- Innovative HCI design and/or prototyping methods in healthcare
- Usability engineering for healthcare IT
- UI evaluation methods in healthcare
- Behavioral and cognitive aspects of HCI in healthcare
- Impacts of HCI on success or failure of healthcare IT
- User interface (UI) design practices for reducing errors in healthcare IT
- Application of HCI research to improving telemedicine
- UI development for patient-centered information systems, providing such functions as communication, health records access, and remote monitoring and treatment
- Accessibility and other HCI issues relating to special needs populations, including elderly patients, the chronically ill, and caregivers
- Impacts of regulation (e.g., privacy, security, HIPAA) on usability
- HCI aspects relating electronic medical records (institutional and/or personal)
- HCI and mobile devices used in healthcare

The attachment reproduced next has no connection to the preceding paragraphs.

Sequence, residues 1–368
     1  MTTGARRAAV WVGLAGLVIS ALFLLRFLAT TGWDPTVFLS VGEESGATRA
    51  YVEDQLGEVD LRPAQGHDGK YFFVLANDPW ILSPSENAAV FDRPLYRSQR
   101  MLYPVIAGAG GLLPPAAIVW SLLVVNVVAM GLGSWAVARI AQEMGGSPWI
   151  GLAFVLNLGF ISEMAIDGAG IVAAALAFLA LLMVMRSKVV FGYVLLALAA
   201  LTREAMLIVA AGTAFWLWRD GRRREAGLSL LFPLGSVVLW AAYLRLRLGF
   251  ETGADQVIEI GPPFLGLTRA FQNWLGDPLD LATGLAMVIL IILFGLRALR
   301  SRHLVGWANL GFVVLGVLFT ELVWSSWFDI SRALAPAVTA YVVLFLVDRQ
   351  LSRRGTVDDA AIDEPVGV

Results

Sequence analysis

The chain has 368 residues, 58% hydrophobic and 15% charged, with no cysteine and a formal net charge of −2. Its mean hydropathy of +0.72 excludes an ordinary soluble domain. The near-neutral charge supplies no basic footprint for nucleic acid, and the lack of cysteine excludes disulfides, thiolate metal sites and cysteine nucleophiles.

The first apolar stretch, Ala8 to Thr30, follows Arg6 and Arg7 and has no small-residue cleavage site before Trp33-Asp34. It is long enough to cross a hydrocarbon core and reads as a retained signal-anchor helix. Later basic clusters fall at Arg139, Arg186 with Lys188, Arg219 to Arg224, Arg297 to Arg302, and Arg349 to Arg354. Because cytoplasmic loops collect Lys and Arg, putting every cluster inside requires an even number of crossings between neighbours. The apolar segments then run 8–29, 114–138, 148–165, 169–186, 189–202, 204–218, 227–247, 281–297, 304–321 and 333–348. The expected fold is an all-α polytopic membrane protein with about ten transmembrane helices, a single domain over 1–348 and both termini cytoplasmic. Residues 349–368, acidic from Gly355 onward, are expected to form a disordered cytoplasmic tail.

- Standards and guiding principles for UI design in healthcare
- Developing and teaching HCI courses for healthcare IT
Information Visualization and Decision Support
(Co-Sponsored by SIGDSS)
The abundance of information available to today’s managers makes it essential to efficiently represent, filter, and present information for effective decision making. The rapid advances in hardware and software development have made it possible to present data visually from multiple perspectives. However, the challenge is the design of visualizations such that (1) they are useful in presenting non-numeric as well numeric information, and (2) they are integrated with other components of existing decision support systems.
From that perspective, the topic of information visualization spans several disciplines, including decision support and human-computer interaction. Specifically, the graphical presentation of information applies to an array of topics, such as data modeling, interface design, data mining, and data warehousing. This mini-track will focus on the design, development, and use of information visualization, as well as its ability to function as a tool to aid managerial decision-making.
- Techniques for the organization of information (e.g., clustering)
- Visual presentation of data mining results
- Design of visual interfaces that facilitate decision support
- Evaluation of visual interfaces especially from a decision effectiveness perspective
- Application of animation techniques to the presentation of information
HCI and Competitive Advantage